individuals for molecular/neurodegenerative and behavioral analyses, respectively, when a 2-sided 238

5% level of significance was used. 239

240

3. Results

241

3.1 Effects on feeding behavior

242

In order to determine the most effective sub-lethal mz exposure, a food intake screening of different 243

concentrations (0.07, 0.14, 0.2, 0.3 mg/l) within an 96h period was handled. From the time course 244

graph (Fig. 1), it appeared that only 0.2 and 0.3 mg/l significantly influenced food consumption 245

(F(4,21) = 2.85; p<0.05). Taking into consideration that the latter concentration led to death in some

246

treated fish, even though in an order of <10%, we decided to use 0.2 mg/l since it was able to 247

induce evident behavioral effects without causing death. With this concentration, no significant 248

variation was detected after 1h of exposure in mz-treated fish with respect to controls. Indeed, a 249

moderate reduction (p<0.05) of food intake occurred after 24h and remained constant after 48h of 250

treatment. Such an effect resulted notably significant (p<0.01) at 72h, when a strong decrease of the 251

percentage of ingested food was observed in treated fish compared to controls that instead 252

10 consumed almost all their food. Conversely, after 96h of mz exposure food intake was only 253

moderately reduced. During the entire feeding observations no cannibalism was registered. 254

- please insert figure 1 here- 255

Moreover, exposure to 0.2 mg/l of mz determined significant enhancements of feeding latency 256

during the entire period of exposure (F(1,24) = 4.27; p<0.05). Indeed, such an effect appeared at 24h

257

by causing a very strong increase (p<0.001) of time spent to reach food with respect to controls that 258

instead went immediately toward food sources (Fig. 2). Interestingly enough, after 48 and 72h of 259

exposure this alteration was maintained within the same significant extent (p<0.001), despite a 260

numerically lower variation with respect to 24h. Only after 96h, it seemed as though the latency 261

time would be reduced, even if maintaining a notable enhancement (p<0.01) of time spent to reach 262

food. 263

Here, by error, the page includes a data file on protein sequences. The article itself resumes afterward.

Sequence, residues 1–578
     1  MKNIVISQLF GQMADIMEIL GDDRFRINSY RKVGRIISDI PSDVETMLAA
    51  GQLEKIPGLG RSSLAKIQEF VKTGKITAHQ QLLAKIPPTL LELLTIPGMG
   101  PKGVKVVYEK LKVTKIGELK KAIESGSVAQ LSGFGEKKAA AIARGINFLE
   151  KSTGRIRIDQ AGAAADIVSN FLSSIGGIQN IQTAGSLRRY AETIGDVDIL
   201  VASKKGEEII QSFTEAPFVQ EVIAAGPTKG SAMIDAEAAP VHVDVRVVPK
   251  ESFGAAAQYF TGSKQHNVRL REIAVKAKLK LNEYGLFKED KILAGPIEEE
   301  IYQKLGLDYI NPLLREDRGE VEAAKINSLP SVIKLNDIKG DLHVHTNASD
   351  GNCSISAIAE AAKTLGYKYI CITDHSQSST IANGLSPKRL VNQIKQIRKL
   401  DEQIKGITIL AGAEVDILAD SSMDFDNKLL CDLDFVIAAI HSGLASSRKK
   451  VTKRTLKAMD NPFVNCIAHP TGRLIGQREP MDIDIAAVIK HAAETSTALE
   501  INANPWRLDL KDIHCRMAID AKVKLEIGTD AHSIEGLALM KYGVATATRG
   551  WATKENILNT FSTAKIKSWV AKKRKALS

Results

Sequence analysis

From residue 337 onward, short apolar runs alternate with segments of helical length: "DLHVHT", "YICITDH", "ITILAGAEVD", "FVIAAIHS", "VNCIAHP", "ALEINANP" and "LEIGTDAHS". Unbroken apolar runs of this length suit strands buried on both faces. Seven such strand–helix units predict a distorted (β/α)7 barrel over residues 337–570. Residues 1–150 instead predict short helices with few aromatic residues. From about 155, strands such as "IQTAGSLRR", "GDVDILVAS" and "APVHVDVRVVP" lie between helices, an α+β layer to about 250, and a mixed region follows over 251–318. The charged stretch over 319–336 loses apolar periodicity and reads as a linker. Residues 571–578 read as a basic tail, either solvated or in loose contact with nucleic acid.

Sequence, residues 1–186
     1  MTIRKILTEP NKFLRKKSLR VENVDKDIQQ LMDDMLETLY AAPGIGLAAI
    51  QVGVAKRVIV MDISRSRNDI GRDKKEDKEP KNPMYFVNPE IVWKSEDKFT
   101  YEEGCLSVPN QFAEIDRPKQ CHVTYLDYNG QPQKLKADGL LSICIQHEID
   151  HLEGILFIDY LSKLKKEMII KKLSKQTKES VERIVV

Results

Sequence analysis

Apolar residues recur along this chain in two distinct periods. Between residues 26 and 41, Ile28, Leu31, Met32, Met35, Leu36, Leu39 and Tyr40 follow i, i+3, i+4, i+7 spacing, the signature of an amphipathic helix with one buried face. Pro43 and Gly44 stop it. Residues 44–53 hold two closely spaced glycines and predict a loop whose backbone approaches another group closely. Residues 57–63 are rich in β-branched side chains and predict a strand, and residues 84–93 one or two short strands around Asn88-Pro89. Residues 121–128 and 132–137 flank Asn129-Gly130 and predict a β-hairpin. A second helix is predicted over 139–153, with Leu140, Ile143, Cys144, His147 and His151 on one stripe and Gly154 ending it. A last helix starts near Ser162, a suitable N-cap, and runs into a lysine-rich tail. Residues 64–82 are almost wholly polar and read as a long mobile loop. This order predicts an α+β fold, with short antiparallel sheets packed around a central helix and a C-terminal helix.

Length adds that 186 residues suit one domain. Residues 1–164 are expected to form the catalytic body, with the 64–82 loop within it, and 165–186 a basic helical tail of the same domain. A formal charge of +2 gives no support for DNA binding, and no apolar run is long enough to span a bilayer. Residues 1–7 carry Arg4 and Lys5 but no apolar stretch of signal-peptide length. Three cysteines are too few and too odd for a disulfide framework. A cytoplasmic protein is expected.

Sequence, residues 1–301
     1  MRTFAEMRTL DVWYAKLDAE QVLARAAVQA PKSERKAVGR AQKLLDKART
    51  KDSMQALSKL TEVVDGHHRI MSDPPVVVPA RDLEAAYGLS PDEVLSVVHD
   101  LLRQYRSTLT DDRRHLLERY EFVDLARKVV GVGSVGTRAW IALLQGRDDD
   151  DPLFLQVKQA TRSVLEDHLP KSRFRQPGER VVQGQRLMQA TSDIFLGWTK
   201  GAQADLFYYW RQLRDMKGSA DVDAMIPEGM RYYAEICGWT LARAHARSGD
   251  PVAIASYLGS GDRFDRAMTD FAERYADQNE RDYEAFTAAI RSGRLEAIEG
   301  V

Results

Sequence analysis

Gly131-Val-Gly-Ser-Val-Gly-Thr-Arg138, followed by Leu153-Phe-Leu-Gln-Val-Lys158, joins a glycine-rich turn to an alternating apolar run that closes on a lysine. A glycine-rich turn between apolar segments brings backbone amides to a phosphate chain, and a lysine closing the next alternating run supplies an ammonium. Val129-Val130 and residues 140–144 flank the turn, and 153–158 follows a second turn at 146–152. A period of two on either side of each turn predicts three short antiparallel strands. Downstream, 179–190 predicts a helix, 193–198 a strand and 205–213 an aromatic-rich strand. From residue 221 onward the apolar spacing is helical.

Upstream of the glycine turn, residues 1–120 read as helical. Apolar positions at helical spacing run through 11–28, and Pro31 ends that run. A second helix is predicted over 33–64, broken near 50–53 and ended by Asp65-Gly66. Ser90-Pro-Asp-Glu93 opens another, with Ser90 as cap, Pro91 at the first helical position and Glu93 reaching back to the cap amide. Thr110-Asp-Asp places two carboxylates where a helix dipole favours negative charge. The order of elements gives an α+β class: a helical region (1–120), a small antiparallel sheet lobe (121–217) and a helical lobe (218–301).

- please insert figure 2 here- 264

Contextually, it was also interesting to note that treated fish spent more time in feeding maneuvers 265

with respect to controls (F(1,24) = 4.31; p<0.05). Indeed, feeding maneuvers resulted to be notably

266

enhanced (p<0.01) at 24 and 48h, which very strongly further increased (p<0.001) at 72h (Fig. 3). 267

On the other hand, such a trend was inverted thus achieving only a moderate increase (p<0.05) 268

when compared with controls at 96h. Additionally, a significant reduction (-80%; p<0.01) of body 269

weight was detected in treated fish after 96h of mz exposure with respect to controls that instead 270

gained weight during the same experimental period (Fig. 4). 271

- please insert figure 3 and 4 here- 272

273

3.2 Neurodegenerative phenomena

274

Following the application of ACS methods it was possible to observe notable degenerative 275

phenomena induced by the fungicide in some diencephalic neuronal fields of treated fish after 96h 276

of exposure. Indeed, a marked argyrophilic reaction was reported in the periventricular nuclei of the 277

hypothalamus. In particular, the anterior tuberal nucleus (NAT) displayed a conspicuous number of 278

11 degenerated elements (Fig. 5A). At the same time, even more degenerative neuronal fields were 279

observed in the lateral part of the diffuse nucleus of the inferior lobe (NDLIl) and nucleus of the 280

lateral recess (NRL) (Fig. 5B, C) along with in the nucleus glomerulosus (NG) and in the 281

commissural preglomerular nucleus (NPGc; Fig. 5D, E) rather than controls that displayed no sign 282

of neurodegeneration since only a few, if any, damaged cells were visible (Fig. 5F). 283

- please insert figure 5 here- 284

285

3.3 Effects on ORXR expression

286

Interestingly, feeding alterations were linked to an evident increase of ORXR expression at both 287

transcriptional and protein levels. In particular, from in situ hybridization analysis an overall up- 288

regulation of ORXR mRNA was reported in mz-treated fish compared to controls as shown by 289

antisense signals in the brain section of control (Fig. 6A) and treated fish (Fig. 6B). More 290

specifically, increased transcriptional levels (p<0.01) were detected in the medial part of the dorsal 291

telencephalon (Dm, +60%) and in the optic tectum (OT; +81%; Fig. 6C). On the other hand, only 292

moderate up-regulations (p<0.05) were observed in the lateral part of the dorsal telencephalon (Dl, 293

+48%), in the ventral part of the ventral telencephalon (Vv, +32%), in NDLI (+48%), NRL (+30%) 294

NAT (+38%), NG (+38%), NPGc (+31%) as well as in the corpus (Cce, +40%) and valvula (Vce, 295

+31%) of the cerebellum. 296

The increased expression of the above mRNA appeared to tightly coincide with an evident neuronal 297

increase of ORXR protein after mz exposure. Indeed, from the densitometric evaluation (OD) of 298